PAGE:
2. Audience Ownership: Jatan raises concerns about owning the connection with your readers and followers on WordPress.com. The idea that you "own your followers" bothers me. While it's true that some blogging platforms, such as Medium, force you to retain followers within their ecosystem, it's essential to consider that your primary means of communication with your audience on WordPress.com is through your content – your blog posts. Your readers subscribe to your blog and follow you (via RSS) to receive updates directly from you. While there might be other mechanisms like "Follow" buttons or email subscription lists, the heart of your connection with your audience remains rooted in the content you produce, not just the platform-specific features. Regarding Jatan's notion of exporting his micro.blog followers and forcing them to follow him on another platform is far-fetched. How exactly does he plan to make that work? Again, The idea that you "own your followers" bothers me.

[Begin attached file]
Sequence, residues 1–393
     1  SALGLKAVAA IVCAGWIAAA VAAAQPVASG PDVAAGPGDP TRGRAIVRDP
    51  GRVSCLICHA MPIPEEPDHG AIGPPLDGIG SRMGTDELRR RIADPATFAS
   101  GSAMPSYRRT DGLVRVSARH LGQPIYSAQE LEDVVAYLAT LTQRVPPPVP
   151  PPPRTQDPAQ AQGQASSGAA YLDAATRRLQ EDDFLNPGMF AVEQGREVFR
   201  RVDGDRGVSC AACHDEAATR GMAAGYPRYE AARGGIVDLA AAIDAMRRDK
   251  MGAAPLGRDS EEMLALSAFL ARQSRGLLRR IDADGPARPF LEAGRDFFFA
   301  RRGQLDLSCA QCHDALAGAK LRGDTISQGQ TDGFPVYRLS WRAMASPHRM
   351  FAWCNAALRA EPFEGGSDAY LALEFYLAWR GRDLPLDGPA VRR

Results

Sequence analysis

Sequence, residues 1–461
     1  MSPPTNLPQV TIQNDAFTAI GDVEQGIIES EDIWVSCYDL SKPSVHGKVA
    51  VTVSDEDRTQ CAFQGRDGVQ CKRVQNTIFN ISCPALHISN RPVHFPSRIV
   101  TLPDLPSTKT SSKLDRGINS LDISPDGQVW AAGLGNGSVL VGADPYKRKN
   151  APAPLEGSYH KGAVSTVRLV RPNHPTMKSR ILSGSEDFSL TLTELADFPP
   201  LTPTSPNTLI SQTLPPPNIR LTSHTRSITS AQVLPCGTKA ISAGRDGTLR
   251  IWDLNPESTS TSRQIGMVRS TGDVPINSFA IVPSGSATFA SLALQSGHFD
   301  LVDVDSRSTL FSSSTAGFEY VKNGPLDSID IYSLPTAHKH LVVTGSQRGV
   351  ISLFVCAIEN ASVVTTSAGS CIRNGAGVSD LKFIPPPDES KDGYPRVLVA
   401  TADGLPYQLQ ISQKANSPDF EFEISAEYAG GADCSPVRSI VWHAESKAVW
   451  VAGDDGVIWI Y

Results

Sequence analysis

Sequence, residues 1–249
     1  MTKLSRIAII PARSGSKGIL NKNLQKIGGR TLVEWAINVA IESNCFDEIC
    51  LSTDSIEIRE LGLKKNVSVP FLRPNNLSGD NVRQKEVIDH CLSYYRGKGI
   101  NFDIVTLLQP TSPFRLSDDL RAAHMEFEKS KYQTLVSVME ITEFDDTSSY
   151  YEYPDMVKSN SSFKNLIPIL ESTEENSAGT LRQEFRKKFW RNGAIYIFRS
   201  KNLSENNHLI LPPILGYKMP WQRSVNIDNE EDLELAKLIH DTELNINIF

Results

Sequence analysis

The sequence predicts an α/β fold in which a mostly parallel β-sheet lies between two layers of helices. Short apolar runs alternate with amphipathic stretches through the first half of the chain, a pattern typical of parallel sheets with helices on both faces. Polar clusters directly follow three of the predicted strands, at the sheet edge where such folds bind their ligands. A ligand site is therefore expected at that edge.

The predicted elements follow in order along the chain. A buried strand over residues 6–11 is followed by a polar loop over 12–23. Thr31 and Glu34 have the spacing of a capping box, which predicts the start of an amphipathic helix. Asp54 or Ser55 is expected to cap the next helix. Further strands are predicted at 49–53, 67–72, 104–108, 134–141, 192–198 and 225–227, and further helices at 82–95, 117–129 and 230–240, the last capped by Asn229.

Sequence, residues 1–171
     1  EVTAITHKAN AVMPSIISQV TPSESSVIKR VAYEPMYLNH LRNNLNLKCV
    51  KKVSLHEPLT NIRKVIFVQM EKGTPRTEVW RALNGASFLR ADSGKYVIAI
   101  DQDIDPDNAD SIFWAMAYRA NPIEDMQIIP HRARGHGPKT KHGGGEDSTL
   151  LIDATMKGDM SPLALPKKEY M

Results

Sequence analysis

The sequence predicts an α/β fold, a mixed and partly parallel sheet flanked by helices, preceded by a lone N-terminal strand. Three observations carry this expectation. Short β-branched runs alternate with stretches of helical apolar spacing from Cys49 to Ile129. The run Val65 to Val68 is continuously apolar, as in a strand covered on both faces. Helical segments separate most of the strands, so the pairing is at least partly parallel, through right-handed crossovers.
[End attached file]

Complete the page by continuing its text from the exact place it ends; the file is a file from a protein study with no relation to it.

3. Diverse Engagement Options: WordPress.com provides multiple avenues for engaging with your audience. While some may prefer direct email subscriptions or RSS feeds, others might find value in following your blog through the platform's built-in "Follow" mechanism. Different people have different preferences, and offering a variety of options can be advantageous in reaching a broader audience. Automattic has acquired the ActivityPub plug-in! With this development, I'm confident that WordPress.com will soon be able to facilitate rich conversations with Mastodon instances. This integration holds great promise for enhancing the platform's capabilities and fostering more dynamic interactions across the web. Remember that engagement methods should complement one another rather than create a rigid either/or choice.
  4. Medium's Algorithmic Challenge: Jatan highlights his struggles with Medium's algorithm, which impacts the visibility of his posts to his followers. While algorithmic challenges can affect content reach on some platforms, this is not an inherent limitation of all blogging platforms, including micro.blog and WordPress.com. The reach on micro.blog is noticeably lower compared to other platforms. The community size is relatively small, and Manton's intentional design choices constrain the behaviours that expand reach. WordPress.com, for instance, provides various ways to optimise your content's discoverability, such as SEO tools, tags, and categories, but the platform lacks any algorithmic system. Engaging with your audience through WordPress.com is a more direct and transparent process compared to social media algorithms, where your content's reach is often at the mercy of platform-specific algorithms.